Here are a few points that come to mind. Now keep in mind that I am a Sales Consultant at a Ford and Toyota dealership. I drive a Tundra, but like to think I am open minded enough to accept if something is better. Yes, I’m passionate about Toyota, but will certainly admit their faults too.
I would have to drive both to determine which I liked better, especially for towing/hauling. With that said, there is no way I would get the diesel Dodge/Ram. Here’s why…
I’m really surprised you mention “the expected higher resale value with the Ram.” I think that is the first time I have ever heard that, especially in comparison to a Toyota! Traditionally Dodge has been a bottom feeder in regards to resale value. Traditionally Toyota has been at the top with any of their SUVs or trucks. Having a Tacoma or a Tundra to trade is like having a Joker in your hand. You can pretty much do what you want with it.
As far as “better ride” goes, unloaded, sure. F-150 and the Dodge have a more “car-like ride”. Lets put a load or a trailer on that thing and see how it changes. I’ve done 4 test drive events with all the competing models, but I have not done one with the current gen Dodge. When you put weight in the box, or a trailer on the back, the Toyota is consistent in how it handles. It doesn’t feel any different from unloaded. The softer springs on both the Ford and the Dodge completely changed the handling.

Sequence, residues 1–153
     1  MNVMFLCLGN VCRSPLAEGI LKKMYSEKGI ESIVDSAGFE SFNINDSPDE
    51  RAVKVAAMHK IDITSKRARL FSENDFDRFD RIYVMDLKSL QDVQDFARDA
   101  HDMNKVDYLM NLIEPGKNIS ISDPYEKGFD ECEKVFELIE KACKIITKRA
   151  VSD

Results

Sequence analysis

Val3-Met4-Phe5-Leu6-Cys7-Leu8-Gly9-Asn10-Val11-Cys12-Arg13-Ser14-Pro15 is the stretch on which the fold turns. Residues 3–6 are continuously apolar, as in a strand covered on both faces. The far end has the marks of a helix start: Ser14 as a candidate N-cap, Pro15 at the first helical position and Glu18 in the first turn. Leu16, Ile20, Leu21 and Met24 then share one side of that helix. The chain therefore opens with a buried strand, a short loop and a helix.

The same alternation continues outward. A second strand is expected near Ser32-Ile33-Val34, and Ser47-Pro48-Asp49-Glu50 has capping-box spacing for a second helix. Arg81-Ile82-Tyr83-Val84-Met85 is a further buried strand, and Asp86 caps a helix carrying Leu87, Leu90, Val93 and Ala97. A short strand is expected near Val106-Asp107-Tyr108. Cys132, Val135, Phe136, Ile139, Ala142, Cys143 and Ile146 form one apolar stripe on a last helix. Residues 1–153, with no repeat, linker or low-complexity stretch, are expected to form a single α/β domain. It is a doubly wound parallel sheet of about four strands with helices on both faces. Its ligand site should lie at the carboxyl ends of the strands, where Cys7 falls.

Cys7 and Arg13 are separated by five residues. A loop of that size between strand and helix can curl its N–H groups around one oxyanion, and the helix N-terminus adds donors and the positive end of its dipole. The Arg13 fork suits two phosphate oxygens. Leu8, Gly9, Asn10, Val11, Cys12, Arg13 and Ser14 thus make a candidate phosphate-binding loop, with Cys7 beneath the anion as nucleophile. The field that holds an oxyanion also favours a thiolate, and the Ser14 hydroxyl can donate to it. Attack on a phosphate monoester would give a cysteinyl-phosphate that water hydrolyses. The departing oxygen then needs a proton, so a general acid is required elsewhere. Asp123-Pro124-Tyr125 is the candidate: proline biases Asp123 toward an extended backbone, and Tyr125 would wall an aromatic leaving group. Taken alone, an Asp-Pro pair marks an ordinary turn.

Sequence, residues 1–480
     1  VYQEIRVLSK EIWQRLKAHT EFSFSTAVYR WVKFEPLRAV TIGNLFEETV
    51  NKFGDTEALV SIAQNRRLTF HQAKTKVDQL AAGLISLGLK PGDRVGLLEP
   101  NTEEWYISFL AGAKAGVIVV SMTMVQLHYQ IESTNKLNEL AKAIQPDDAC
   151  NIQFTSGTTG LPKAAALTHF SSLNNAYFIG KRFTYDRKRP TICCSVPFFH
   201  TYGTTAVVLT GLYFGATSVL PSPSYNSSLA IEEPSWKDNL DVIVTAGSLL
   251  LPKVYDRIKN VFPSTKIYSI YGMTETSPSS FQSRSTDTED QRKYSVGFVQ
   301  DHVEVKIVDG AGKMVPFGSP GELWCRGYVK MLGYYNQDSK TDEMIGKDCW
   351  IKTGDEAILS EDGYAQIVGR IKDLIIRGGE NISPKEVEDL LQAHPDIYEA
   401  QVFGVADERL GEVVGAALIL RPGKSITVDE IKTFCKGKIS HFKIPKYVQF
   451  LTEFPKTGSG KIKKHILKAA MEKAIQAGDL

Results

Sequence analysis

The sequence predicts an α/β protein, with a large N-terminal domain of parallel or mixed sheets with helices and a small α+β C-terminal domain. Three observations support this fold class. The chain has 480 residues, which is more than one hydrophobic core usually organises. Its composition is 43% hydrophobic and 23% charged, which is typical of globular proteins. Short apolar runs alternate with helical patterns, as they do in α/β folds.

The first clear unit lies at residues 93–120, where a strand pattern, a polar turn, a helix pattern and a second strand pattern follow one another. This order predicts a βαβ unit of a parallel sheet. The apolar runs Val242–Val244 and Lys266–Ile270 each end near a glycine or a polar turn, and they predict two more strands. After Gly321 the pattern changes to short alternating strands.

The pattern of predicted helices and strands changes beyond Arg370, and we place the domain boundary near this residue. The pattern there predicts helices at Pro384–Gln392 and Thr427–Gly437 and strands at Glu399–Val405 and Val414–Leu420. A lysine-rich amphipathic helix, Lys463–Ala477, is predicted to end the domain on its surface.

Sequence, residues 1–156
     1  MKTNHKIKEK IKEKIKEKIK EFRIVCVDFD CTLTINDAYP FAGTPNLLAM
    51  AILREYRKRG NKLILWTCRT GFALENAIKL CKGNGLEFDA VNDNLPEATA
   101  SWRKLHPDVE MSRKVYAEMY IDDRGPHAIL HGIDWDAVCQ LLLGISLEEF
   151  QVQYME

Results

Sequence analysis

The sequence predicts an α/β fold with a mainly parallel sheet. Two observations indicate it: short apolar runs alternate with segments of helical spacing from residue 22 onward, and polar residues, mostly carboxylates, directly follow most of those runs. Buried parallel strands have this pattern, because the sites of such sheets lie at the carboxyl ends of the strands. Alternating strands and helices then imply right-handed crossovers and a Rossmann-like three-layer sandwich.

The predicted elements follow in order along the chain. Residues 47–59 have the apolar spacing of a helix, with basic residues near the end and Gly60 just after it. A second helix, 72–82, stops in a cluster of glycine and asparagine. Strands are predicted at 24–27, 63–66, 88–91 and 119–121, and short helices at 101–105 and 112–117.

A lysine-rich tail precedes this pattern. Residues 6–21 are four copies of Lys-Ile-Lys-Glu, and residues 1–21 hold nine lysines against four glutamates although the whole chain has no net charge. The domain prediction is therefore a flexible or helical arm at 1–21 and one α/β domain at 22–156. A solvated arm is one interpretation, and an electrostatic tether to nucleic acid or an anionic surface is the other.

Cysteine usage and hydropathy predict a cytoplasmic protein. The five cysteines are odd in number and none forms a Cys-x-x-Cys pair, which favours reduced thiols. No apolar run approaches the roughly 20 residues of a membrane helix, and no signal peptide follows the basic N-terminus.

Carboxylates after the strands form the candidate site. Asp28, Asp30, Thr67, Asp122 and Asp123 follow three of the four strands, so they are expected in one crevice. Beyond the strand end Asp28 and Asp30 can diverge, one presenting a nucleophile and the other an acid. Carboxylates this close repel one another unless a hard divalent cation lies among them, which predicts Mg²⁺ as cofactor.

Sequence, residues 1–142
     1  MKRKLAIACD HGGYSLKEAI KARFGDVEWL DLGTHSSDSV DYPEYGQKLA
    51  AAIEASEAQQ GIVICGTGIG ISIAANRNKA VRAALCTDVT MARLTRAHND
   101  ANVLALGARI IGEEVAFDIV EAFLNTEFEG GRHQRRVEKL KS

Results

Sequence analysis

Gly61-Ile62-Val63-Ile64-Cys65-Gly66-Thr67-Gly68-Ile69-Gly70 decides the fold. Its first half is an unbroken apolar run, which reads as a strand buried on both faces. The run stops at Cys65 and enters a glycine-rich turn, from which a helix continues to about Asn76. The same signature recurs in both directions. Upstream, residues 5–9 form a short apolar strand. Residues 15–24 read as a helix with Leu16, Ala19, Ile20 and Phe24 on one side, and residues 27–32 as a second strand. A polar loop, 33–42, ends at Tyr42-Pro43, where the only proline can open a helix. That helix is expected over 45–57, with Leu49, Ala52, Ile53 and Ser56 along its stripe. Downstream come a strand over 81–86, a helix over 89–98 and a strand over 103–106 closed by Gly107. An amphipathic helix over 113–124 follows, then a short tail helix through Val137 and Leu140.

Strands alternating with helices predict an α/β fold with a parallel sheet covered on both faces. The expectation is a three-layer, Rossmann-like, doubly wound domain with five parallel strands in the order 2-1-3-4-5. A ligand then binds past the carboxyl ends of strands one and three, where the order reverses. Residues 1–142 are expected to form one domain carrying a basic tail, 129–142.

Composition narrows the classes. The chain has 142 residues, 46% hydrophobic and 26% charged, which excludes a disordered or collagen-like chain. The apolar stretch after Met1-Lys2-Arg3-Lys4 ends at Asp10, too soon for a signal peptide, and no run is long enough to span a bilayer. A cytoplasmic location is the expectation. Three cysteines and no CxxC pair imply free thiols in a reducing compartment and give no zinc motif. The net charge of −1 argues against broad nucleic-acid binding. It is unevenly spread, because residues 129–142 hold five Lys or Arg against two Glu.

As far as maintenance and reliability, do we really need to discuss this? Tundra has been named the “Most Reliable Truck” by J.D. Powers for what, 8 or 9 years now? I don’t think a Dodge is going to win that in any category of vehicle. I’ve never read a long term review or 3rd party source that wouldn’t agree with that. If somebody were to ask, “which is the most reliable auto brand in the _______ category,” I don’t think Dodge will ever be mentioned.
Typical oil change at my dealership, on a gas engine with regular semi-synthetic oil is $38, full synthetic is $57. With full synthetic you can go 10,000 miles between oil changes instead of 5,000 with semi-synthetic.
I just called the Dodge dealer across the street, oil change on the EcoDiesel is currently $154! The oil filter alone is $75. The service writer said you can do 10k miles between changes also.